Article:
Shout-Out: In the Lakeview Hotel, if you examine the heater, James will find a note on the back of it that says: "I'm Johnny, one hot guy." This may be a reference to the The Shining (Heeeeeere's Johnny!) where main character Jack Torrance forgets to adjust the pressure on the old boiler room of The Overlook Hotel, causing it to catch on fire. A poster for The Shining can also be seen on a wall before James gets to town.
The infamous closet scene is homage to the equally disturbing Blue Velvet.
Sinister Scraping Sound: Pyramid Head scrapes his giant blade along the ground. This works to James' advantage later in the game: if he equips the Great Knife and moves around with the flashlight turned off, monsters will run away from the noise.
Stupidity Is the Only Option: During the boss fights against Pyramid Head, all your shots ping off his helmet. There's no way to aim downwards and hit, y'know, his unarmored, seemingly fully vulnerable body.
Sympathetic Murderer: James arguably qualifies, and Angela definitely qualifies. While Eddie thinks of himself as one, James thinks otherwise.
Sympathetic Murder Backstory: James smothered his wife to death. There are several different factors which drove him to do this, and some of them come across as less than savory, but the overall impression is that James is a desperate and despairing man doing what he feels is the right thing.
Through the Eyes of Madness: The game heavily implies this trope. When a player returns to the spot where they killed their first monster later in the game, they'll find it surrounded by police tape. Near the end, the motel keeps shifting between Bizarrchitecture and its normal state. The letter from Mary also counts.
Together in Death: The "In Water" ending heavily implies James put his dead wife's body into his car and then drove into Toluca Lake, drowning himself so they would never get separated again. However, the graffiti in the Dark World version of Neely's Bar says "You might be heading to a different place than Mary" (i.e. Hell, since he committed both suicide and murder).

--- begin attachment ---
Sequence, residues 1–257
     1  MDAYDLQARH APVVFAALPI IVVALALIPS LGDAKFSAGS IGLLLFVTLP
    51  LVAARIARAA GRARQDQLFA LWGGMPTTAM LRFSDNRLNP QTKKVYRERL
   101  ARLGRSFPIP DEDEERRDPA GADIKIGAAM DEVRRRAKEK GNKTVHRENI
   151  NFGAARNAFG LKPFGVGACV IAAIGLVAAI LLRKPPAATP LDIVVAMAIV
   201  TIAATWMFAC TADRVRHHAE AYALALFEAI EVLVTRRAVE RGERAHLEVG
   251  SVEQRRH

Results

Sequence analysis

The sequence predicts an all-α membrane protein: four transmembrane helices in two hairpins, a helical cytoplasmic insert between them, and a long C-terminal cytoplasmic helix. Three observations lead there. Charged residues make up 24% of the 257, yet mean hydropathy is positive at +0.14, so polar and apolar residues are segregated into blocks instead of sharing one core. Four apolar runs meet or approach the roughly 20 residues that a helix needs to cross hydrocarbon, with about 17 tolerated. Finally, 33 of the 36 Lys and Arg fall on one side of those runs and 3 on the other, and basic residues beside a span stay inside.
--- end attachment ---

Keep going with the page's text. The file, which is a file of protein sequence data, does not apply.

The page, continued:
Tomato Surprise: Mary died only a few hours ago — from James smothering her with a pillow.
Tragic Hero: James doesn't technically embody this trope until the end of the game.
Tulpa: According to some theories, the existence of the character Maria can be explained by this concept as an eroticized manifestation of James’ deceased wife. She is briefly playable during the Born From A Wish segment included in the re-released Silent Hill 2:Restless Dreams – the title of which itself is suggestive that she was literally conceived from James’ unconscious desires, specifically his repressed sexual desire concerning his late wife Mary during the progression of her disease. Although Maria physically resembles Mary, their personalities differ starkly, and throughout the game, Maria makes numerous attempts to delineate her individuality and differentiate herself from Mary before James, who is consistently unable to distinguish the two.
Uncomfortable Elevator Moment: Specifically when the "Trick or Treat" quiz show randomly plays on James's radio. Maria and James once again show what a comedy duo they would make by their reactions at the end.
Unexplained Recovery: Maria reappears in the prison after being fatally impaled by Pyramid Head in the hospital basement with no explanation, apart from insisting she and James were "separated in that long hallway". This is not the last time this happens, either.
Unreliable Character: James repressed his memory about what really happened with his wife. Near the end, when the player starts to realize this, the letter James supposedly received becomes a blank sheet of paper, and eventually, the sheet of paper disappears.
Unusable Enemy Equipment: Subverted with Pyramid Head's weapon, the Great Knife. Later in the game, this weapon can be picked up in a room in the labyrinth.
Played straight with the spear the Great Knife is replaced with.
Victoria's Secret Compartment: Maria keeps the three keys to a triple-locked door tucked into her short skirt, in her boots, and in her cleavage (in that order). While she's opening the door, James attempts to sneak a peek.
Video Game Caring Potential: Very insidious subversion: Being especially caring and protective toward Maria is the wrong choice, since she's a demonic creation designed to test how faithful James really is to his quest for Mary.
Vomit Discretion Shot: The cutscene introducing Eddie features this trope, though the sound of Eddie's spewing works well enough on its own.